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Arch Biochem Biophys. 1995 Jul 10;320(2):289-96.

Fatty acid discrimination and omega-hydroxylation by cytochrome P450 4A1 and a cytochrome P4504A1/NADPH-P450 reductase fusion protein.

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  • 1Department of Medicinal Chemistry, University of Kansas, Lawrence 66045-2506, USA.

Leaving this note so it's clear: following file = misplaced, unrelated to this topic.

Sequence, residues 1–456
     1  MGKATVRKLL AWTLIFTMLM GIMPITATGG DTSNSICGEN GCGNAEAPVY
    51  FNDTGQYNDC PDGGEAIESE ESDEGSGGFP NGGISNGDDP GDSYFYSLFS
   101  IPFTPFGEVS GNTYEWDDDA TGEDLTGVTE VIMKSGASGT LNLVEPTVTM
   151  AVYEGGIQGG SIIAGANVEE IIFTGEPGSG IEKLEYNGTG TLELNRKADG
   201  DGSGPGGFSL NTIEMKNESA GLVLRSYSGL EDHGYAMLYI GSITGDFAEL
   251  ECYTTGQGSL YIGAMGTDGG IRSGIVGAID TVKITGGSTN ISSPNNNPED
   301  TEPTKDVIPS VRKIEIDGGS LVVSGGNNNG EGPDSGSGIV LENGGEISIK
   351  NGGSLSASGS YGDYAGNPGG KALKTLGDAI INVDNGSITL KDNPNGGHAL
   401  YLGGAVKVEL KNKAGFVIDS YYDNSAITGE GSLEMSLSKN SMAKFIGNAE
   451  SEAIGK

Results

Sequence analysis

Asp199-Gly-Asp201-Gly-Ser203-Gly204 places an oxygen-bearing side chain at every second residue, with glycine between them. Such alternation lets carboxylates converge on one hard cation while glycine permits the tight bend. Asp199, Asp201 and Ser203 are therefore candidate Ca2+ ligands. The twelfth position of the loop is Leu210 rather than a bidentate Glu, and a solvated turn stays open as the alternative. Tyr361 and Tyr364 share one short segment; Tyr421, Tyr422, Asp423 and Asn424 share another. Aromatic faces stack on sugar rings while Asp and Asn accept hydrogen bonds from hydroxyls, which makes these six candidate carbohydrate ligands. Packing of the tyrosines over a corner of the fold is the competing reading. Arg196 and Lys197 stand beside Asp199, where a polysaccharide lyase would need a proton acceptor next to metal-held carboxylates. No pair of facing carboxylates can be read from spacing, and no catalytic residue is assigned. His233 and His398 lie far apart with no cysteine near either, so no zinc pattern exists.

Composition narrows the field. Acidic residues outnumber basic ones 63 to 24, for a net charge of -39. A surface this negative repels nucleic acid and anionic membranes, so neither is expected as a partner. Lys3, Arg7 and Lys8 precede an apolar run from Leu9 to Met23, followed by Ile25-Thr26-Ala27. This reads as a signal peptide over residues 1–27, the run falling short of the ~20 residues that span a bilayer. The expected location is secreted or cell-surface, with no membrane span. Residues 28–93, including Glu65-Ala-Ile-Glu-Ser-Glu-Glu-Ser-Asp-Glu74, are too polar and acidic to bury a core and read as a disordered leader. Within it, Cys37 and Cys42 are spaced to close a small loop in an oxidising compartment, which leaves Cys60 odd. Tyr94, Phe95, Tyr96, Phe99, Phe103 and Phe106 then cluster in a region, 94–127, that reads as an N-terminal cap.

The omega-hydroxylation of fatty acids by certain cytochrome P450 enzymes shows a degree of chain-length and regionspecificity which is remarkable in view of the conformational flexibility of these substrates, the strong similarity in properties among homologs, and the lack of polar groups (other than the carboxy terminus) with which to guide and strength enzyme-substrate interactions. To investigate the chemical basis for these features of omega-hydroxylation we designed and synthesized a series of lauric acid analogs and evaluated them as substrates and inhibitors of omega-hydroxylation catalyzed by cytochrome P4504A1 and a cytochrome P450 4A1/NADPH-P450 reductase fusion protein. Among n-alkanoic acids, lauric acid was found to have the optimum chain length for the fusion protein, as it does for native cytochrome P450 4A1. With both enzymes, chain shortening caused a precipitous drop in turnover while chain lengthening caused a gradual drop in turnover. The fusion protein omega-hydroxylated methyl laurate and lauryl alcohol about 1/10th as efficiently as lauric acid, but it did not hydroxylate lauramide. 10-Methoxydecanoic acid underwent O-demethylation (via omega-hydroxylation). The branched substrate 11-methyllauric acid was hydroxylated efficiently and selectively at the omega-position. In contrast, the cyclopropyl analog 11,12-methanolauric acid was not detectably hydroxylated, although it induced Type I binding spectrum and inhibited lauric acid omega-hydroxylation by 43% at equimolar concentrations. omega-(Imidazolyl)-decanoic acid induced a Type II heme-binding spectrum and was an especially potent inhibitor of lauric acid hydroxylation. Collectively these data suggest that the active site of cytochrome P450 4A1 has an elongated tubular shape of definite length (ca. 14 A) with a recognition site for polar groups (including but not limited to carboxyl) at its entrance and the (oxo)heme group at its terminus.

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